Starting with Freeplane preview version 1.3.2_02 all .groovy files in the script classpath directories are automatically compiled when Freeplane starts. The .class files are generated besides their .groovy source files in the classpath directories. Keep in mind that package declarations in the script files determine the location of the class files. See scriptlib for some generic scripts and adding Help to your script.

Extract often used functionality

This feature allows to keep your scripts and formulas more concise since you can define functionality that you often use in your scripts in a utility script/class. Let's assume that you want to create a map with a lot of formulas that compute sums over child nodes:

=node.children.sum(0){ it['total'].num0 }

and that 50 times in a map as in this map. Put that into a utility script named FP.groovy and put it into the scripts classpath (see below):

def static childAttribSum(parentNode, attributeName) {
    parentNode.children.sum(0){ it[attributeName].num0 }

Then your formula will look nicer:

=FP.childAttribSum(node, 'total')

Please Note:

  • in order for the library functions to be used within your scripts, the library (file) name MUST start with a capital letter
  • for utility functions you should think twice to find good function names to make it easier to remember what they do


Why 'static'?

If you forget the static in the function declaration then the simple rule Classname.method(...) won't work since non-static functions need an instance of the class in which they are defined, which is 'FP' in case of FP.groovy. In certain cases that might be what you want and it could work:

def nonStatic() {

Then you had to create a FP instance first and use that:

def fp = new FP()
println fp.nonStatic()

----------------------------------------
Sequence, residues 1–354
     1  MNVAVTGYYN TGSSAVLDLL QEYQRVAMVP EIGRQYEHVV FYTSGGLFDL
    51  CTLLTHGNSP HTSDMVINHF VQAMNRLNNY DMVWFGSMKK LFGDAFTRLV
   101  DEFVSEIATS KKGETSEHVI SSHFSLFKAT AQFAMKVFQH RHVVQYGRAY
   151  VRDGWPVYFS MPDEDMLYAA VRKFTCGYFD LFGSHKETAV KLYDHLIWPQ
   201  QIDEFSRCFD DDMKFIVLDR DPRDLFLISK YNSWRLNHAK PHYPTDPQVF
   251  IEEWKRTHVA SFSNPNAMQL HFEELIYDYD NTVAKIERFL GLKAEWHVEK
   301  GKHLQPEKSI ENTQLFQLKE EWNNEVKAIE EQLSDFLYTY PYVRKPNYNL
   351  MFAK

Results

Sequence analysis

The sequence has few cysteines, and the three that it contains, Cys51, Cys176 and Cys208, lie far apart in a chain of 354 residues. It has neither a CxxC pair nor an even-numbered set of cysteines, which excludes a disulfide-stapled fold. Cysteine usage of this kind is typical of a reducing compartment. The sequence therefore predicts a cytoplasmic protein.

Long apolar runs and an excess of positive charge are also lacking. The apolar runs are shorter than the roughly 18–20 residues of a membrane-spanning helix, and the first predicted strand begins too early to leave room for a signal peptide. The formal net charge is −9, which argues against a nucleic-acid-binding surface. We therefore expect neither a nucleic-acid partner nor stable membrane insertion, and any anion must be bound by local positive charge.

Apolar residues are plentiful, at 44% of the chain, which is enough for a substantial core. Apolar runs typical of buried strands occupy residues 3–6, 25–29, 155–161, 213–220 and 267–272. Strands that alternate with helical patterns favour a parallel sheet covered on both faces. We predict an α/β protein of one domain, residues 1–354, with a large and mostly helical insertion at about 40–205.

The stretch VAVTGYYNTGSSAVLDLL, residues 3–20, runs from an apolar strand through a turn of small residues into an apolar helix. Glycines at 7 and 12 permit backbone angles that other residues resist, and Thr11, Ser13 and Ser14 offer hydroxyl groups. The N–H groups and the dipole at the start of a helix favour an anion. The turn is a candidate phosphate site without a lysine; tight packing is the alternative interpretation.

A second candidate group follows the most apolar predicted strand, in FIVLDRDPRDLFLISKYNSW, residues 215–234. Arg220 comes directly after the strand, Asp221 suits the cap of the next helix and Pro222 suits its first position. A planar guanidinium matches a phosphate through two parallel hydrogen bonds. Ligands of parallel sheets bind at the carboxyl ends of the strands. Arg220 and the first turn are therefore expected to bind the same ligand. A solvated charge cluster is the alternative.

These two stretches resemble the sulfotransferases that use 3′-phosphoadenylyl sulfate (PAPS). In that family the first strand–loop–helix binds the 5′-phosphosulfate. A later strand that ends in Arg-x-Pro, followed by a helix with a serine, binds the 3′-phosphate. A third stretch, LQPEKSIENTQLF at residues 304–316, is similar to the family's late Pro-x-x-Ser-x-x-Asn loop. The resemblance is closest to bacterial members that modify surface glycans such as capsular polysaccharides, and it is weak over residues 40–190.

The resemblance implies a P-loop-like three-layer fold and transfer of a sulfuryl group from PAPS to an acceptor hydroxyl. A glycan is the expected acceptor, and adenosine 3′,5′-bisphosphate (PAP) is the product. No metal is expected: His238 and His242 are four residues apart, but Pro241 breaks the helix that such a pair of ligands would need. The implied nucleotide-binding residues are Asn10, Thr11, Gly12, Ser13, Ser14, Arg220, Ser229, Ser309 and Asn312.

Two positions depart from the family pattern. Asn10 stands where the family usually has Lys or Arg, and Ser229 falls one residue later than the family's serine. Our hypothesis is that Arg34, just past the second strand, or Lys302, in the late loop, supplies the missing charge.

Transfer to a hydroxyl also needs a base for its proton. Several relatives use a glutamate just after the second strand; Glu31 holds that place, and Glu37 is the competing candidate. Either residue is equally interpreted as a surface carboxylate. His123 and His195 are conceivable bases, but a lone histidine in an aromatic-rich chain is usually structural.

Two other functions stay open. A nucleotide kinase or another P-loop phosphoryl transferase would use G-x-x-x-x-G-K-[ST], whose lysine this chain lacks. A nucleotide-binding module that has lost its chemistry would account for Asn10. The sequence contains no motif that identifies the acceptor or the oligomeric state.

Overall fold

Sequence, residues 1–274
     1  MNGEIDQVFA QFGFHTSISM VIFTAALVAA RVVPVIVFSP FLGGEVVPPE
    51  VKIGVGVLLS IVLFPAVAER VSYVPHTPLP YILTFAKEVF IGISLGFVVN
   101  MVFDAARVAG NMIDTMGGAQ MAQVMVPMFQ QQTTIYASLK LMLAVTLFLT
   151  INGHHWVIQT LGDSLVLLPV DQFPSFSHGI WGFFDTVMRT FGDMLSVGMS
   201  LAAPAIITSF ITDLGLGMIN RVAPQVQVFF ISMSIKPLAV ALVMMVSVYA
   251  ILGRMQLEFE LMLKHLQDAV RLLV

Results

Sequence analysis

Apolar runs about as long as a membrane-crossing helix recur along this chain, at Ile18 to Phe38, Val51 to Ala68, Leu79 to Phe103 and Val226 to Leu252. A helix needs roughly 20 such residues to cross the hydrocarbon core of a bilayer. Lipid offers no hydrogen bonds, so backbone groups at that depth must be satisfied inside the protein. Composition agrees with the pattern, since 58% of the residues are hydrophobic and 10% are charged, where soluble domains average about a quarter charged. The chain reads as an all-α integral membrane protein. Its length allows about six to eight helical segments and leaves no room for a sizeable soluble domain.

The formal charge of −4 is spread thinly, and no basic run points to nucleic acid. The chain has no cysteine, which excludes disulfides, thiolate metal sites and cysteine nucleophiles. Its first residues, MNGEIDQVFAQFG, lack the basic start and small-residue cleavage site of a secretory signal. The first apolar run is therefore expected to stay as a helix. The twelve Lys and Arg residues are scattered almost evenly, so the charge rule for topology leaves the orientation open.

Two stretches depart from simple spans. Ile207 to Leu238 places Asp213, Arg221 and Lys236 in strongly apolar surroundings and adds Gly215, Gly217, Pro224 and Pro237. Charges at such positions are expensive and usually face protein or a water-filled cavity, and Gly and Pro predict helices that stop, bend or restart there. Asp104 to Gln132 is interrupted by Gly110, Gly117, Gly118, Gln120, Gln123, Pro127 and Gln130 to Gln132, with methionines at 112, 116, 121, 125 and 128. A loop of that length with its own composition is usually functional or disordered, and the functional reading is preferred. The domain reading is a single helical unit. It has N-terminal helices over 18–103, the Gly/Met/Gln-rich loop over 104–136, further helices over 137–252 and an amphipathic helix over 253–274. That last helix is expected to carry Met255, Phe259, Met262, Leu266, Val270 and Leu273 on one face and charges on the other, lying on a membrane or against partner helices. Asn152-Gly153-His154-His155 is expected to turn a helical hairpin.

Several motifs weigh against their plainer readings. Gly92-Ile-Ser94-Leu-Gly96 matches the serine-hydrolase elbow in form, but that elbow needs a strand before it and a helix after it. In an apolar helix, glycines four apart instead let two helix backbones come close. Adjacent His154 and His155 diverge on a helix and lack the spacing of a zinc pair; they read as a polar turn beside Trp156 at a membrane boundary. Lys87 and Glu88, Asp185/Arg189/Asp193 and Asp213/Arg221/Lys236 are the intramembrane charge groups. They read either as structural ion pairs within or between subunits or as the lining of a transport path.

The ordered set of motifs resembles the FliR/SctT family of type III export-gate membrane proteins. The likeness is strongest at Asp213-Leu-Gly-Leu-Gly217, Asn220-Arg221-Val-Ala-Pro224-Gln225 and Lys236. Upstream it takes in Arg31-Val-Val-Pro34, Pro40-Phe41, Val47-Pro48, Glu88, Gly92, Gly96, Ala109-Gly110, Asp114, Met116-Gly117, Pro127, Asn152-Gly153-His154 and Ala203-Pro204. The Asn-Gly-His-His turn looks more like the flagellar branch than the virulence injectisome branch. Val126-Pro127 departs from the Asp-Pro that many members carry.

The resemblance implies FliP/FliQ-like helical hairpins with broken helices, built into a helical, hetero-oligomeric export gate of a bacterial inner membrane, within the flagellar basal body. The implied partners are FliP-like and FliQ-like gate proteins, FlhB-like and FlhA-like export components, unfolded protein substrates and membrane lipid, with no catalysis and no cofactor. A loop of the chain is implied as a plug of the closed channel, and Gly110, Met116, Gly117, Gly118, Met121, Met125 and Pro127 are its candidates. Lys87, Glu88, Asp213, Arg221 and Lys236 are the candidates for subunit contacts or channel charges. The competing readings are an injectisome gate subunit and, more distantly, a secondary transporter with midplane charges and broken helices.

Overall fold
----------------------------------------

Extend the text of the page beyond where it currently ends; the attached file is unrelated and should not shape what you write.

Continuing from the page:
or more concise:

println new FP().nonStatic()

will print "blablabla".

No 'node', no 'c'?

Unfortunately functions (static or not) have no access to the two central scripting entry points, node (for the currently selected node) and c (the 'Controller'). You can get around these restrictions by using the ScriptUtils, new in 1.3.2_03:

import org.freeplane.plugin.script.proxy.ScriptUtils

def static test() {
    def node = ScriptUtils.node()
    def c = ScriptUtils.c()
    c.statusInfo = 'text of selected node is ' + node.text

Make yourself at home

Let's assume you don't like the groovy way to sum over child values. Let's also assume that you like functions with UPPERCASE LETTERS. Then you will like the following function (>= 1.3.2_03):

// use: println 'sum over children is ' + SUMC()
import org.freeplane.plugin.script.proxy.ScriptUtils

def static SUMC() {
    def node = ScriptUtils.node()

Define constants

You can also define constants that you often use. If you define them in one place it will be easier to change them if you like. For example in a Const.groovy file :

import groovy.transform.Field
@Field final static String company = 'Scripting Geeks Inc.'
@Field final static String stdDateFormat = 'yyyy/MM/dd_hhmm'

Or for the same result :

class Const {
    final static String company = 'Scripting Geeks Inc.'
    final static String stdDateFormat = 'yyyy/MM/dd_hhmm'

Use it like this:

node['started'] = format(new Date(), Const.stdDateFormat)

Enable utility script compilation

Under Tools->Preferences->Plugins->Script classpath enter lib. - Relative paths will be interpreted as starting from the Freeplane user directory. So open that via Tools->Open user directory and create a directory lib in it. Put your scripts into this directory.

You can add multiple directories to the classpath. See the tooltip of the option in the preferences how to do that.

How to name the script files

If you use lowercase names for your script, like fp, then Groovy will not find this class since it "thinks" that you are referring to a variable that it doesn't know and issue an error that it doesn't have matching attribute or method.